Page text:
The Robert Wood Johnson Foundation has issued its annual Healthy Community report for the United States. As usual, the information is packaged in such a way as to highlight the health disparities between racial/ethnic groups. But the findings for Virginia, which the state-level report largely overlooks, do not fit the dominant institutional-racism narrative. It turns out that Asians are the healthiest racial/ethnic group by far. It also turns out that, despite lower incomes and education levels, Hispanics are healthier than whites. The only finding that conforms to the narrative is the blacks are the least healthy of any group.
The info-graphic to the right shows differences in health outcomes (potential years of life lost before age 75) by place and by race/ethnicity. The “place” metric compares the differences in health outcomes by city or county. There is a wide disparity (as also seen in the map above) between localities with high incomes and high levels of education and localities with low incomes and education. The worst pockets of unhealth are in far Southwest Virginia, Southside, the Eastern Shore, and older cities. No surprises there.
Far more interesting is the disparity between racial/ethnic groups, which many researchers and commentators persist in defining as a gap between whites on the one hand and blacks and Hispanics on the other — a gap matching the socio-economic divide and consistent with the paradigm of America as a nation afflicted with institutional racism and discrimination.
Yet of all major racial/ethnic groups, Asians are the healthiest. By far. Here in Virginia, according to the study, Asians experienced the lowest level of “premature deaths,” measured by years lost per 100,000 — only 2,600. Hispanics fared next best, with 3,100 years lost, whites with 6,200, and blacks with 8,700.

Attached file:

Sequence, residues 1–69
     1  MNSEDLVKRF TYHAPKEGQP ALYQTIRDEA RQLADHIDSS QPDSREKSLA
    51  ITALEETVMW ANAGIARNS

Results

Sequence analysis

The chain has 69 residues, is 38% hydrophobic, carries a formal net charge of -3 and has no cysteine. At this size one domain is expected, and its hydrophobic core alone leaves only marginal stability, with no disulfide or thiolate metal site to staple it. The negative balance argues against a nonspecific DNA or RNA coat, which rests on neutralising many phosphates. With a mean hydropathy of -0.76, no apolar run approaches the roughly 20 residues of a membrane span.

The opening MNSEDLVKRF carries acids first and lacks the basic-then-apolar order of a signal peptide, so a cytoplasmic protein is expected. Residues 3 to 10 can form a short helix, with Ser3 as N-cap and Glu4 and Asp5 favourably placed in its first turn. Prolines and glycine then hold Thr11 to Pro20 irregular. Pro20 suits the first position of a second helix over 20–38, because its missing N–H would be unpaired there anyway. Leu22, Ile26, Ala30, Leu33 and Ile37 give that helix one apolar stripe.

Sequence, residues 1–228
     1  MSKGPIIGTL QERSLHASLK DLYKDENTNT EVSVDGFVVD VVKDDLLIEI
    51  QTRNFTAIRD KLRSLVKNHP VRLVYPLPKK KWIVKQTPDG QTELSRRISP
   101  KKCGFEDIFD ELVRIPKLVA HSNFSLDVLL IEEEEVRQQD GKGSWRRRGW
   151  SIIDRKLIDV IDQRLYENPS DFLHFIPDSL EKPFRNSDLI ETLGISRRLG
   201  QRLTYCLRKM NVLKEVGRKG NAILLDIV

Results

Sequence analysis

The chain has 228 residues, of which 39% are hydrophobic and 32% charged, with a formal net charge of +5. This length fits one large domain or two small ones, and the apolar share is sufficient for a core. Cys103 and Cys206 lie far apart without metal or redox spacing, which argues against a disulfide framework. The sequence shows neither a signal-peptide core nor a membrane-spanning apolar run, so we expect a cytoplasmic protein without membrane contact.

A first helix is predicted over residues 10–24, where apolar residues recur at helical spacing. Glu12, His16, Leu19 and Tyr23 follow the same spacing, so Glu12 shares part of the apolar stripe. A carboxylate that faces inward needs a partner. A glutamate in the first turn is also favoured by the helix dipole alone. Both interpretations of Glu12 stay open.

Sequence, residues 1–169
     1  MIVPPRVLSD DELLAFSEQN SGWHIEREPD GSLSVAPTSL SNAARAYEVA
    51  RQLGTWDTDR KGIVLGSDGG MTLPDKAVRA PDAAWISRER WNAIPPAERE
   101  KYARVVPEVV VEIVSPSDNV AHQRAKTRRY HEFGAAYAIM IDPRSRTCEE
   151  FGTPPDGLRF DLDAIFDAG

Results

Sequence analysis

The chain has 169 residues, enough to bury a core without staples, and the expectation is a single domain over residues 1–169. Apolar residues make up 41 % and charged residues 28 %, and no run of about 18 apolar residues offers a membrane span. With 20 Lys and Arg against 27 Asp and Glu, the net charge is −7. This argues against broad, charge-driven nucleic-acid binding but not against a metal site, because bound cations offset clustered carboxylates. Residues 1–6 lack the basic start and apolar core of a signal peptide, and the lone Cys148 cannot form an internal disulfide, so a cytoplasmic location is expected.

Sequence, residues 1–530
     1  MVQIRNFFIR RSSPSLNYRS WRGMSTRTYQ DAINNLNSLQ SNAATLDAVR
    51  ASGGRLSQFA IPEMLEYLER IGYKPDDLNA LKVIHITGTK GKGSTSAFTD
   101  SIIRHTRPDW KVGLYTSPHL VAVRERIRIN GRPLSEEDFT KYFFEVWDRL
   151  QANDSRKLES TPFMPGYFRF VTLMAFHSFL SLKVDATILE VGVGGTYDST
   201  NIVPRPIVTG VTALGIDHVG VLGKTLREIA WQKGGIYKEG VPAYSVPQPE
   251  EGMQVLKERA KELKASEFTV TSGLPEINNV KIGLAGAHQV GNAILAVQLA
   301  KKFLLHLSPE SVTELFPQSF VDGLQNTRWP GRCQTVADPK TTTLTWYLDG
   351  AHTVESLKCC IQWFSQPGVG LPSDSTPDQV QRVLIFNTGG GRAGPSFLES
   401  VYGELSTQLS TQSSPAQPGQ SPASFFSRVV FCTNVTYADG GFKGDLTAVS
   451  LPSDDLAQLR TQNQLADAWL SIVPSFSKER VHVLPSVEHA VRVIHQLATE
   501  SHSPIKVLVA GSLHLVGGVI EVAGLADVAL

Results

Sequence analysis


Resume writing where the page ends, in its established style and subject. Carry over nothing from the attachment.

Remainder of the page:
Another remarkable finding: Whites reported the highest incidence of poor mental health days: 1.6 for Asians, 2.7 for Hispanics, 3.5 for blacks, and 3.8 for whites.
Results conformed to stereotype for poor or fair health, while self-reported “poor health days” showed almost no difference between whites, blacks, and Hispanics. Asians reported the fewest poor health days.
The comparative good health of Hispanics in Virginia is all the more remarkable given that, as the report documents but takes little note of, Hispanics have lower high school graduation rates, have less health insurance, and have a higher rate of teen births than any other group.
Asians and Hispanics do not fit the dominant narrative of the relationship between race and health in the United States. It strikes me that these anomalies are worth exploring. Persuading public health researchers to dig deeper may be a hard thing to do, however. The received wisdom, once established, is a hard thing to dislodge.
Update: And then there’s this headline from the Roanoke Times: “Report finds death rates rise for white, middle-class Virginians.”There are currently no comments highlighted.